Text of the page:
Quint too lauded the BJP’s success and attributed its growing strength in the region to effective management of the poll process. “There was a time when assembly elections in the far-flung northeastern corner of India would hardly merit national attention. However, the BJP has changed that by storming into territories hitherto off-limits to saffron forces, with a formidable display of election muscle in this year’s polls in Tripura, Meghalaya and Nagaland. The results from these states have not only reinforced the daunting power of the BJP’s lean mean poll machine, but they have also exposed the flabby nature of the challenge from two pillars of the opposition, the Left and the Congress. Both crumbled as the Modi-Shah juggernaut rolled into the northeast, with some artful backroom maneuvering and the heady promise of change… The emergence of the BJP as a central pole in northeastern politics is a historical shift. This is seen largely as a Hindu party and a dominant Hindi-speaking north Indian force. Yet, today, it has found acceptance in states that do not belong to this cultural and religious paradigm. There is a powerful signal in this to smaller regional players across the country, outside the Hindi heartland, where the BJP may have to scout for allies to shore up its numbers for the 2019 polls.”
Interestingly, a column in Business Standard struck a different tone, downplaying the BJP’s electoral gains in the North East and instead highlighting the broader slide in the party’s recent political dominance. ““Yes, the BJP won Tripura handsomely. But it won neither Meghalaya, where it got two of the 60 seats, nor Nagaland. The Congress was decimated in Tripura and Nagaland, and emerged the single-largest party in Meghalaya… The BJP has put some thought into its strategy to continue celebrating its Tripura win, and form coalition governments in Meghalaya and Nagaland. It needs to restore the impression of invincibility that it had managed to create after its victories in Uttar Pradesh and Uttarakhand in March 2017… The past few months have not been very good for the BJP and the Narendra Modi government. There have been sustained farmer and trade union protests, and the government has had to try to reach out to farmers. The Modi government’s claims on providing jobs have been punctured as well. It is seen to have failed to deliver on its promise of creating 20 million jobs a year. Additionally, the Punjab National Bank fraud has punched holes in its claims of providing corruption-free governance. The BSE Sensex has lost over 2,500 points from the high of 36,283 on January 29 to 33,746 points on Monday. Electorally, the news had not been upbeat until Tripura election results. The BJP won Gujarat, but it looked as if it was handed a scare.”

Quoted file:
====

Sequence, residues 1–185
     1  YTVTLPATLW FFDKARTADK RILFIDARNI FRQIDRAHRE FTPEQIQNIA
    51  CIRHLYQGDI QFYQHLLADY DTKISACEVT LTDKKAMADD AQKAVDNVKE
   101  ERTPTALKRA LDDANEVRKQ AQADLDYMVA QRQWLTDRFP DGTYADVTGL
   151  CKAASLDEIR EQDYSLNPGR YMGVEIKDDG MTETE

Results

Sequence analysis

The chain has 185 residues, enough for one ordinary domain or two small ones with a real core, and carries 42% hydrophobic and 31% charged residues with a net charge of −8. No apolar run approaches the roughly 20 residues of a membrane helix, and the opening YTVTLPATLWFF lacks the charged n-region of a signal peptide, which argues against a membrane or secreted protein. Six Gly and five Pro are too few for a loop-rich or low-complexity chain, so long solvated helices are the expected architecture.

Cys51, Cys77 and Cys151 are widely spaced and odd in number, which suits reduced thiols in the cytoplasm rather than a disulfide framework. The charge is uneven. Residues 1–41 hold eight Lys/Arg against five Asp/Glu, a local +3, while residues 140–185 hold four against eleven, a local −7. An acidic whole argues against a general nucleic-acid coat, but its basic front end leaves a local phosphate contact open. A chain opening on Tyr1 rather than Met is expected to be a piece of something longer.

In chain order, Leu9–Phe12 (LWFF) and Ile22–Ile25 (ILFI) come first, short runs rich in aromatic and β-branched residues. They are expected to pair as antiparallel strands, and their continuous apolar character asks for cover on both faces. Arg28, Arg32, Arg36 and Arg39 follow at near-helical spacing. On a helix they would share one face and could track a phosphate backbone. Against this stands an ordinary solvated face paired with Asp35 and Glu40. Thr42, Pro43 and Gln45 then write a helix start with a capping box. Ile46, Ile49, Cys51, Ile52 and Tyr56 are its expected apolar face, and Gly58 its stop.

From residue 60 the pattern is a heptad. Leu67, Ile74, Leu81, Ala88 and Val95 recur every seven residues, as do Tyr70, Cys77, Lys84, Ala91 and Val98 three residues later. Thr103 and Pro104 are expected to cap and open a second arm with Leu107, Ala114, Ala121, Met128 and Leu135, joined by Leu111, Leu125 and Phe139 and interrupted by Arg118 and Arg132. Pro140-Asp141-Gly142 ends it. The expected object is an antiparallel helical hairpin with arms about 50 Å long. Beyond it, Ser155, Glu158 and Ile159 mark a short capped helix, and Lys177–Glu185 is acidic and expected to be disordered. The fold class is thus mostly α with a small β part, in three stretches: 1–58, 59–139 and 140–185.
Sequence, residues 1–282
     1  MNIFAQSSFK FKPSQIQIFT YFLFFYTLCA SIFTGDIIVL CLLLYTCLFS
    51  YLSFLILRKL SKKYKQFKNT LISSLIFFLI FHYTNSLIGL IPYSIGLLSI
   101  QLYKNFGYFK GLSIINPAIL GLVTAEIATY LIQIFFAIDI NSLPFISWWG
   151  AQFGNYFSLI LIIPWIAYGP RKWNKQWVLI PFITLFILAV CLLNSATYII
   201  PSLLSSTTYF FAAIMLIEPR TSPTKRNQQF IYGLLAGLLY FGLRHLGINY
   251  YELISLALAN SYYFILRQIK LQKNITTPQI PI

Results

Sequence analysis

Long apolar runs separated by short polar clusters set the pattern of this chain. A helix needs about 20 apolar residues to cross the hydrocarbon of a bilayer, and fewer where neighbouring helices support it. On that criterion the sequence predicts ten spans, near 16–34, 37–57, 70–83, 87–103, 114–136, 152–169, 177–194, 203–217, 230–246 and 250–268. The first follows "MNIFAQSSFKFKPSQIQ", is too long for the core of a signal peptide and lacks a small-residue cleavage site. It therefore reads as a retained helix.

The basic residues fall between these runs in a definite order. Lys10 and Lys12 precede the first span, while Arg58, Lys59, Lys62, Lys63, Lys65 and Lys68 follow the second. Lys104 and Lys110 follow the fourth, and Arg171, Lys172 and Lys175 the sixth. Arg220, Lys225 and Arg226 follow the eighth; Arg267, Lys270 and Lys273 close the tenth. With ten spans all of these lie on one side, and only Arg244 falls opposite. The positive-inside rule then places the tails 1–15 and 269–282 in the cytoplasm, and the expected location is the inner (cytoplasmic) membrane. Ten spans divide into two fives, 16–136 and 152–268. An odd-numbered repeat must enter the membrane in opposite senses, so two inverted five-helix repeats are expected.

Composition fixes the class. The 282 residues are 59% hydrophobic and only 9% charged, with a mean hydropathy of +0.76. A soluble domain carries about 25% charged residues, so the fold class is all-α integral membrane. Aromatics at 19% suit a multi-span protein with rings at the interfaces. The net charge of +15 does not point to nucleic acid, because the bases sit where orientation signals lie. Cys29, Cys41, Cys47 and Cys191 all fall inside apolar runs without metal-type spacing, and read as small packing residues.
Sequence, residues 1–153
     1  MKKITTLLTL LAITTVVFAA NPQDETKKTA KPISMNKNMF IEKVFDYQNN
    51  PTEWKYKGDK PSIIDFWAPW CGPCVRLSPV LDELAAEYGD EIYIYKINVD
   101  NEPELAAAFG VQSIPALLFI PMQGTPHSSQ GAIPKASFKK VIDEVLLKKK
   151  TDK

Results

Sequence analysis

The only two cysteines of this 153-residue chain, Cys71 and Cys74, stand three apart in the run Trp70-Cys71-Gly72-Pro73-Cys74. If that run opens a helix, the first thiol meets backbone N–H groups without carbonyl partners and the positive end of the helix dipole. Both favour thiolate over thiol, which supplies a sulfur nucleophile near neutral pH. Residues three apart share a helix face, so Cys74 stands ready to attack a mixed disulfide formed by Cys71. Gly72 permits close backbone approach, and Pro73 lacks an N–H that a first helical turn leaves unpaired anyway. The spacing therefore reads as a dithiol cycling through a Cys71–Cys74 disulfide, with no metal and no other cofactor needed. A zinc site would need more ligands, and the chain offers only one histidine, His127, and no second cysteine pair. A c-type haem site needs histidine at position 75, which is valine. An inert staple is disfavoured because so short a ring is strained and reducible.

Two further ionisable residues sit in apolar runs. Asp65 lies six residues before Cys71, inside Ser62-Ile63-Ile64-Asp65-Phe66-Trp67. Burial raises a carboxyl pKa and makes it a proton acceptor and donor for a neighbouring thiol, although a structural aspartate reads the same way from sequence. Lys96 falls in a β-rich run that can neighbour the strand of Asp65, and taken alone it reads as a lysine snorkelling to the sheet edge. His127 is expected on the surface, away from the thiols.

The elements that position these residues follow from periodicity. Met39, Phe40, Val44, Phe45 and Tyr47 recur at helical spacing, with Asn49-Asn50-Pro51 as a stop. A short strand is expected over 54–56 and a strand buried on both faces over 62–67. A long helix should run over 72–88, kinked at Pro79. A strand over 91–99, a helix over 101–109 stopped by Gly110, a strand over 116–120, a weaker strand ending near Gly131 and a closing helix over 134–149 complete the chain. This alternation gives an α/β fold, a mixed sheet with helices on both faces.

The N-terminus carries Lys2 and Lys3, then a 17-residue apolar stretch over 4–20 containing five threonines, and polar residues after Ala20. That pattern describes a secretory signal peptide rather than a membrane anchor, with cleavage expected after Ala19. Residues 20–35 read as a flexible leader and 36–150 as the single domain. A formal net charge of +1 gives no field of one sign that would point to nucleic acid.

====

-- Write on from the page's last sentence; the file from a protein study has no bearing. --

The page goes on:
The Maldives Crisis
Maldivian President, Abdulla Yameen’s decision to declare an emergency in the Maldives in late February, and India’s response (or lack thereof) also attracted significant press coverage, particularly in light of the island nation’s growing ties with China, and the geo-political implications of these growing ties.